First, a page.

French prosecutors have confirmed that the suspected mastermind of last week's Paris attacks was among those killed in a police raid on Wednesday.
Abdelhamid Abaaoud, a Belgian national of Moroccan descent, was one of the people inside an apartment stormed in the seven-hour police raid in the suburb of Saint-Denis.
Meanwhile, French lawmakers voted Thursday to extend the country's state of emergency for three months in the wake of last Friday's attacks.
The French National Assembly approved the measure, and the country's Senate is expected to vote on it Friday.
Chemical attack warning
Ahead of the vote, Prime Minister Manuel Valls addressed lawmakers and warned of dangers the country faced, including the possible threat of chemical or biological weapons.
President Francois Hollande said Wednesday the extension includes a provision that enables authorities to close "any association or gathering," which includes mosques and community groups, where people are "glorifying terrorism" or encouraging people to carry out terrorist acts.
The bill has drawn criticism from rights activists.
Police officials said Thursday that as long as the emergency is in effect, off-duty officers are allowed to carry their weapons in order to protect civilians.
Rob Wainwright, the head of the European Union's police coordination agency, also highlighted the scale of the Paris attacks in comments Thursday, saying they mark "a very serious escalation" of terrorism in Europe and are a "clear statement" of the Islamic State group's intent to bring its brutal brand of terror to the continent.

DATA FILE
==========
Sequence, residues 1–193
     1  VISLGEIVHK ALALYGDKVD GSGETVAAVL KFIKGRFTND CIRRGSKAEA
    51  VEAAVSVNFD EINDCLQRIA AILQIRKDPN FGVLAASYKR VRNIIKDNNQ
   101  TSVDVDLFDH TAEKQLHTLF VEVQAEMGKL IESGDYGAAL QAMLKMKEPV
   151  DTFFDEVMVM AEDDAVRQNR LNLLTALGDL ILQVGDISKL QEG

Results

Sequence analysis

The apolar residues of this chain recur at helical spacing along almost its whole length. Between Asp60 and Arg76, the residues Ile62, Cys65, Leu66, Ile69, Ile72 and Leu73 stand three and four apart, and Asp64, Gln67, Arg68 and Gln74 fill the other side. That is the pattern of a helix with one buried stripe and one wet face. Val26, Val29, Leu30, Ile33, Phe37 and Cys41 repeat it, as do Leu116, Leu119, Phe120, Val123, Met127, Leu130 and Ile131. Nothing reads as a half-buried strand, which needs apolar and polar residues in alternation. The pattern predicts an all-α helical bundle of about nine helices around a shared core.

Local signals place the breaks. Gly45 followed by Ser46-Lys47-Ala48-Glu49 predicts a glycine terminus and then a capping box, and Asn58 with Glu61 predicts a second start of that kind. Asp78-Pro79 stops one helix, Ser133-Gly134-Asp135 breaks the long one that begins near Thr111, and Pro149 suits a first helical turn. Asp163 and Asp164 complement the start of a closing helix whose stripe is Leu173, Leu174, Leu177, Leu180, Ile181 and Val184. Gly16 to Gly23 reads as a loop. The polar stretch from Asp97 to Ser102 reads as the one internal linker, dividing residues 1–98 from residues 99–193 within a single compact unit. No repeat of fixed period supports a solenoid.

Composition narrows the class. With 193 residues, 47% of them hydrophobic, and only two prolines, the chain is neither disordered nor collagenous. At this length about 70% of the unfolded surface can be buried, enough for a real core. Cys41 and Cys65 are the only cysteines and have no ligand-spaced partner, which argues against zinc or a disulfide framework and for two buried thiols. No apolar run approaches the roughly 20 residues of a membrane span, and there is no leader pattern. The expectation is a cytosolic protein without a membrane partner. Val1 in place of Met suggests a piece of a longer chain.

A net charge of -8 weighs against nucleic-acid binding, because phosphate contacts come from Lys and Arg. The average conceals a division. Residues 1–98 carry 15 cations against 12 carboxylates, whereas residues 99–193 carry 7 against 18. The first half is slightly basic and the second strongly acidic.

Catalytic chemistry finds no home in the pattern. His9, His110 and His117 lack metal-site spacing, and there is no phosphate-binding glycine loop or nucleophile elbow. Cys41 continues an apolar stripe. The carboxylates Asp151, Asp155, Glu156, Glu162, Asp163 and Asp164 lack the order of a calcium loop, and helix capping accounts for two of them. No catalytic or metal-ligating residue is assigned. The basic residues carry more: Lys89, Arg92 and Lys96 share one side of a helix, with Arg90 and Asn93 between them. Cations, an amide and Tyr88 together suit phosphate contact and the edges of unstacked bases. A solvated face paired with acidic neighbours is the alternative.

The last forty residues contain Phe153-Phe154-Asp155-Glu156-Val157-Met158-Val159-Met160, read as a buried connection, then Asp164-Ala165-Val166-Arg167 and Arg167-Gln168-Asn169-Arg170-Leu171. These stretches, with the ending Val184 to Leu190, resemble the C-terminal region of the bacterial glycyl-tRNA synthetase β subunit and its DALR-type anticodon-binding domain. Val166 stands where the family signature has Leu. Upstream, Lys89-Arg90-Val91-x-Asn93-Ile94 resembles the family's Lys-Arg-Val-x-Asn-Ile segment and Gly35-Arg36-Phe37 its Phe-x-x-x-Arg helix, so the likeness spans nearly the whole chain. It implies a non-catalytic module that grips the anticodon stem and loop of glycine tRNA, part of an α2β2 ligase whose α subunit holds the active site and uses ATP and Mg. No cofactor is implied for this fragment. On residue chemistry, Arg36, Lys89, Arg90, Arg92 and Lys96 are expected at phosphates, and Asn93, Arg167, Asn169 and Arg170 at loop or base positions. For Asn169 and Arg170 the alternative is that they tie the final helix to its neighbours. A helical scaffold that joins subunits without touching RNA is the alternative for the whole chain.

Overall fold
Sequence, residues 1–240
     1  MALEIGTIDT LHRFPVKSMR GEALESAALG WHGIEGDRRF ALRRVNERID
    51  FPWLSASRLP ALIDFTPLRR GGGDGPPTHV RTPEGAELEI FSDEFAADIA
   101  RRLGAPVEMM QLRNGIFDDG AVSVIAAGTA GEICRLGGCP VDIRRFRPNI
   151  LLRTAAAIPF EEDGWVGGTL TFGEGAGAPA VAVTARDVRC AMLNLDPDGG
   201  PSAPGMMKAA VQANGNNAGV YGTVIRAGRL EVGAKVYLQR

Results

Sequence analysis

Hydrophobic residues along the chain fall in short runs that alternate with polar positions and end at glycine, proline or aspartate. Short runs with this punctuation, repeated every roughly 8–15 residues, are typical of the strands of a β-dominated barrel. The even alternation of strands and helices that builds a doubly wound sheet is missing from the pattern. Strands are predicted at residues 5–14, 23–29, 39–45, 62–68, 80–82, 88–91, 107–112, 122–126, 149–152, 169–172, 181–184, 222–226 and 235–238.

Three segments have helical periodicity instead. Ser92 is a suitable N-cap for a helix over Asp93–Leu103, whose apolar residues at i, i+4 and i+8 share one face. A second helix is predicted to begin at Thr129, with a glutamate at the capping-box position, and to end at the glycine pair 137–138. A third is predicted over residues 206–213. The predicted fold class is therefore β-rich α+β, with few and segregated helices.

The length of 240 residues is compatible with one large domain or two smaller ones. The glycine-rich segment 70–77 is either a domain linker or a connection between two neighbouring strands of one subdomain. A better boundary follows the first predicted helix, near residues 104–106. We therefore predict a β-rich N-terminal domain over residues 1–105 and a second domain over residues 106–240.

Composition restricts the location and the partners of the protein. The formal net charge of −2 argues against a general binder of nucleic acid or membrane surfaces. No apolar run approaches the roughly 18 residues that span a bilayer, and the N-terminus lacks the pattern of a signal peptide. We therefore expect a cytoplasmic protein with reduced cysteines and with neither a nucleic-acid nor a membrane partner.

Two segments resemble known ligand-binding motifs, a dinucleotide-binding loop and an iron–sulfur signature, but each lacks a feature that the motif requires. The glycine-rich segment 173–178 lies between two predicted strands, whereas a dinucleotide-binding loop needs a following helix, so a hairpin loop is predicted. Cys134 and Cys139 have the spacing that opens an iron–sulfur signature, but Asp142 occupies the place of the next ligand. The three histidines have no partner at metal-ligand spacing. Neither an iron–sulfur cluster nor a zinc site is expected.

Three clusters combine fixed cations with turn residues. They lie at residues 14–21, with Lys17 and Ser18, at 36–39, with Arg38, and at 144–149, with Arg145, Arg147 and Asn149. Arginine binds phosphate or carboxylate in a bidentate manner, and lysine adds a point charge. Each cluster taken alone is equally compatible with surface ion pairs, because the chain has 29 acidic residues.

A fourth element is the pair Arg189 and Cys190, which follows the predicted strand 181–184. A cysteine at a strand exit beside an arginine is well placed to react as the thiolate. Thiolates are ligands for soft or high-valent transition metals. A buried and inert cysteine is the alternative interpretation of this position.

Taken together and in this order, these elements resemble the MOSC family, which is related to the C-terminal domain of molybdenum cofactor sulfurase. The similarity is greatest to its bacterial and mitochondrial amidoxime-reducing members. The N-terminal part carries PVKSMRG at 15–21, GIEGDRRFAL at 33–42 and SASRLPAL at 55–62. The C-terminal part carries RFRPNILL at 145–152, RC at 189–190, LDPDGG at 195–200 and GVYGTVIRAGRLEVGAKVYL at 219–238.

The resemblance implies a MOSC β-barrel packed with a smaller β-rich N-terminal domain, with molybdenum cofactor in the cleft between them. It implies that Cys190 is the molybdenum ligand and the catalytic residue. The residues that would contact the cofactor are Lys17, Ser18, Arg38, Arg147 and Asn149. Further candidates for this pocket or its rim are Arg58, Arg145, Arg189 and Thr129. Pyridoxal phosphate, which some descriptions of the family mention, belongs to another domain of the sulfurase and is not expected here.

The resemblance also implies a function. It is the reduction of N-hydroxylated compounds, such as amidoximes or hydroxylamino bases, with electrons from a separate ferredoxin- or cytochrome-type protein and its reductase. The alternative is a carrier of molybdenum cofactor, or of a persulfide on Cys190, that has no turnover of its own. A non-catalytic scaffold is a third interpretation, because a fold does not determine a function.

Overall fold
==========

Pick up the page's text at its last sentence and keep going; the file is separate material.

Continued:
Belgian authorities launched their own raids Thursday in several parts of Brussels connected to Bilal Hadfi, who blew himself up outside the stadium. Officials said the operation focused on Hadfi's family, friends and others linked to him.
Belgium's Prime Minister Charles Michel also announced a $427 million package of new security measures, including plans to jail militants who return from Syria, banning hate preachers and closing unregistered places of worship.
Michel fought back against criticism of his country's security services after Hollande said the Paris attacks were planned in Belgium.
"I do not accept the criticism seeking to disparage our security services, who do a difficult and tough job," he said in an address to parliament.
'At war' with terrorism
Shortly after the Wednesday's siege ended, French President Francois Hollande said France is “at war” with terrorism, but warned against overreactions. “No xenophobic, anti-Semite, anti-Muslim act must be tolerated," he said.
Hollande urged people to defy terrorists by resuming life in full, and promised increased security to ensure popular sites can reopen. France will "remain a country of freedoms," he said.
Speaking to a gathering of French mayors, Hollande said he wants to build a large coalition to target the Islamic State militants, and he outlined a series of measures to fight the group, which has claimed responsibility for the attack.
Hollande is scheduled to discuss ways to intensify the campaign targeting IS with U.S. President Barack Obama next week in Washington, and is to meet November 26 with Russian President Vladimir Putin in Moscow.
Fugitive Salah Abdeslam and his brother Ibrahim, who died during the attacks, rented three cars from Belgium to carry out the Paris operations, police said. They found them in different spots around the capital and outskirts, with a stash of assault weapons.
They also found a cellphone in a garbage can near the Bataclan music hall, where the bloodiest attack took place, with a text message reading, “Let’s go.”
French police said Wednesday they have carried out 414 raids and made 60 arrests, while seizing 75 weapons since last Friday.
In addition, 118 others have been placed under house arrest, another of the new powers permitted under France's state of emergency that was declared Saturday.
Officials said Wednesday that all 129 victims of the attacks last Friday have been identified.
Chris Hannas contributed to this report from Washington.